Skip to main content

Trinity College Dublin, The University of Dublin

Trinity Menu Trinity Search



You are here International Projects > SAGE > Creating a Gender Sensitive Institution > The Gender Dimension in Research

Introduction

Click the Play button below to watch the introductory video for this session.

Prepare

Print out the The Gender Dimension in Research worksheet to help you complete activities for this session.

Task 1: Watch

  1. Click the link to watch the video on understanding the gender dimension in research which explains what the 'gender dimension' is and why it is vital to include it in your research project and planning.

Task 2: Watch

  1. Click the link to watch this video on the IGAR (Integrating Gender Analysis into Research Tool). The video explains the impact of 'gender blind' or 'gender biased' research and how research can use the IGAR Tool. It supports the sex- and/or gender analysis in all the phases of the research cycle, taking into account the biological characteristics of both females and males (sex) and the evolving social and cultural features of women and men (gender).

Study

Click the link below to study the presentation, and when you have finished please return to this page to complete the tasks.

Study the presentation The Gender Dimension in Research.

Apply

Task 1: Read and write

  1. Search the Gendered Innovations website or the Yellow Window website and select an example of research close to your field.
  2. Observe how the gender sensitive approach has been included in the research idea and its development.
  3. Search the publications describing the results, and observe if and how gender is mentioned in the title or abstract.
  4. Search on the Internet for non-academic coverage of the research you chose, and observe whether they mention gender.

Write your answer under Apply Task 1 on the session worksheet.

Task 2: Read and write

  1. Read a proposal or project written in your organisation. If you do not have access to a proposal or project, use the publicly available information on one of the three alternative projects below, that did not include a gender perspective.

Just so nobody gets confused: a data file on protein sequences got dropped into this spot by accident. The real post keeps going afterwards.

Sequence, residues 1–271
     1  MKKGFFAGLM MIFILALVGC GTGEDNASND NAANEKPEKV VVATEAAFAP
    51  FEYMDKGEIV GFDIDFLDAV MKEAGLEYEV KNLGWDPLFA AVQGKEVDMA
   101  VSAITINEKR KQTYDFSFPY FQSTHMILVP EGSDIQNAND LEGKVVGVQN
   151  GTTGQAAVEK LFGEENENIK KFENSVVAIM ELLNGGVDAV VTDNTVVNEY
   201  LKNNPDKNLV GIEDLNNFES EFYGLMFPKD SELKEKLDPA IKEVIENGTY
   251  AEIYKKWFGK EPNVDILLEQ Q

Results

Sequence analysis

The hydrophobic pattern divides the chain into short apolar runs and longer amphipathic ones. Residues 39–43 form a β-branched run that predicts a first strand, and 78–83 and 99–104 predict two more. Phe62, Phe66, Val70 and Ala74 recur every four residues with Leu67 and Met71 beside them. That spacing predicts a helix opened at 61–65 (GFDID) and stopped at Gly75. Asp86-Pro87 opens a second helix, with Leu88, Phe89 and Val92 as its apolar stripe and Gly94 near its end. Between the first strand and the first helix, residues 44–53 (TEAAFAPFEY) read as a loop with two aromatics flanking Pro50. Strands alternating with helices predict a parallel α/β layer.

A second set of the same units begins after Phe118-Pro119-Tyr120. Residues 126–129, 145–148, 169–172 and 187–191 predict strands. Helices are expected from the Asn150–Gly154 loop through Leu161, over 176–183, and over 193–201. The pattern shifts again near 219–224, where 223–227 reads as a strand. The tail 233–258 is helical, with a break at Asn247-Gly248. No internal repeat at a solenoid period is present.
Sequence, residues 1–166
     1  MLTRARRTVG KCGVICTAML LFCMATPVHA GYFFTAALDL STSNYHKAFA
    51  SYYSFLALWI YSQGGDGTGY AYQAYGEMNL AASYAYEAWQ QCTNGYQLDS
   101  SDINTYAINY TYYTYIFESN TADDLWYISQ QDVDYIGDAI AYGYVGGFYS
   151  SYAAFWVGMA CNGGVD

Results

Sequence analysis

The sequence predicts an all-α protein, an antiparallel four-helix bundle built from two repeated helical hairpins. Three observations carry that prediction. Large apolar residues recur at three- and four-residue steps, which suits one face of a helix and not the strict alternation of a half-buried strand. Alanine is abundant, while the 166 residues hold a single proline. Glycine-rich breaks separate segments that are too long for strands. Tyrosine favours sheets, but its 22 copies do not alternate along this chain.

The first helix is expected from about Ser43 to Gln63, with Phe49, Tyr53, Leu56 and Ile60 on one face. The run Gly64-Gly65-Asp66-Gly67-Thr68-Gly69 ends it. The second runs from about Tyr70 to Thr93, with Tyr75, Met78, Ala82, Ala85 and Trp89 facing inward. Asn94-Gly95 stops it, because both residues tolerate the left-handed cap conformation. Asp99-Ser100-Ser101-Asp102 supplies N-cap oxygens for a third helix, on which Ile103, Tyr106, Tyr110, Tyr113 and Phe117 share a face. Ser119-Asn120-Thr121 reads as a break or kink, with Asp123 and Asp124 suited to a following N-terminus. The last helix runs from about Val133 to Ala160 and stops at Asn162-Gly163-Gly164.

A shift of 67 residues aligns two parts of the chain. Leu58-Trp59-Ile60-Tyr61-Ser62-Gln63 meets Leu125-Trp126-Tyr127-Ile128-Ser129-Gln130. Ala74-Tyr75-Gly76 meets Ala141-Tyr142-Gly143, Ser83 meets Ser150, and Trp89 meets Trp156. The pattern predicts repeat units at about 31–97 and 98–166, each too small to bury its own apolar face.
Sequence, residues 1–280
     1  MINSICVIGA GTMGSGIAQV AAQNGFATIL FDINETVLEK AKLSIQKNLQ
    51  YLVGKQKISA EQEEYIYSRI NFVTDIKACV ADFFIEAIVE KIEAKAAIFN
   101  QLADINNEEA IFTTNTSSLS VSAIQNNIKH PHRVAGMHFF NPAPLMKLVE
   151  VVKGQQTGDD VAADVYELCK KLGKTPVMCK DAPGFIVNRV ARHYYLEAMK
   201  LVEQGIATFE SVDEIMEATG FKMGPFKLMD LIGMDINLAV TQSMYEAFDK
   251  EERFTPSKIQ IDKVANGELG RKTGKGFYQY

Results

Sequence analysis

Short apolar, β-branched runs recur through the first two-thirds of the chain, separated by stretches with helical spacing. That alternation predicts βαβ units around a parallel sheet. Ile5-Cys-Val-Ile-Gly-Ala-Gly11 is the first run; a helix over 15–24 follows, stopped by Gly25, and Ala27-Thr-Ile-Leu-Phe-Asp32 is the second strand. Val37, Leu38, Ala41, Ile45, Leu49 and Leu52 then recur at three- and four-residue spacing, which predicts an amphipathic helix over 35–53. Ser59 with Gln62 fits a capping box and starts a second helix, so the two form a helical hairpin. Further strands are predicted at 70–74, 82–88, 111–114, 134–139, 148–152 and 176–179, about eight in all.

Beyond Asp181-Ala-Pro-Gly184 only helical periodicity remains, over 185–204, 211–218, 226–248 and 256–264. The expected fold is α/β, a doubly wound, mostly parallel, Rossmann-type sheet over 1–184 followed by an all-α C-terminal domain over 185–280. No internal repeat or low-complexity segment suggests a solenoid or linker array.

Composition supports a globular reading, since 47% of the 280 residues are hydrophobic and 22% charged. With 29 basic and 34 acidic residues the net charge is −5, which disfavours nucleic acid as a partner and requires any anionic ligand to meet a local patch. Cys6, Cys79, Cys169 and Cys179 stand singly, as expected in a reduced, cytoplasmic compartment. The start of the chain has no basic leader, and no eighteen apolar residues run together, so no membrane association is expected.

2. Answer the following questions:
    1. Cross reference it with this list of questions for planning gender sensitive research which are based on those in the presentation, to observe its gender sensitivity. For questions that should have been asked in the research that were not, how could they be answered?
    2. Carry out a literature search to check if that topic has already been analysed from a gendered perspective.
    3. Take each section and try to modify the text of the proposal or project to include a gendered perspective.
    4. Then look at the project results and outputs, to do the same exercise.

Write your answer under Apply Task 2 on the session worksheet.

Three alternative projects:
(SAGE would like to thank Dr. Maria Bulgheroni, Research and Development Director at Ab.Acus in Italy for providing authorisation to use these projects.)

Follow the links below to read about one of these projects, which did not include a gender perspective.

Project 1: SocialCar

SocialCar was a research and innovation project that sought to incorporate carpooling into existing mobility systems; by means of powerful planning algorithms and big data integration from public transport, carpooling systems, and crowd sourcing.

Website: www.socialcar-project.eu

SocialCar on Cordis: https://cordis.europa.eu/project/rcn/193402/factsheet/en

Project 2: DiDIY

Digital Do-It-Yourself (DiDIY) is a complex phenomenon, involving social, cultural, technological, economic, and psychological dimensions, stemming from the new ability to mix physical and informational components into simple and affordable systems such as 3D printers and Arduino boards.

Website: www.didiy.eu 

DIDIY on Cordis: https://cordis.europa.eu/project/rcn/194194/factsheet/en

Project 3: m-RESIST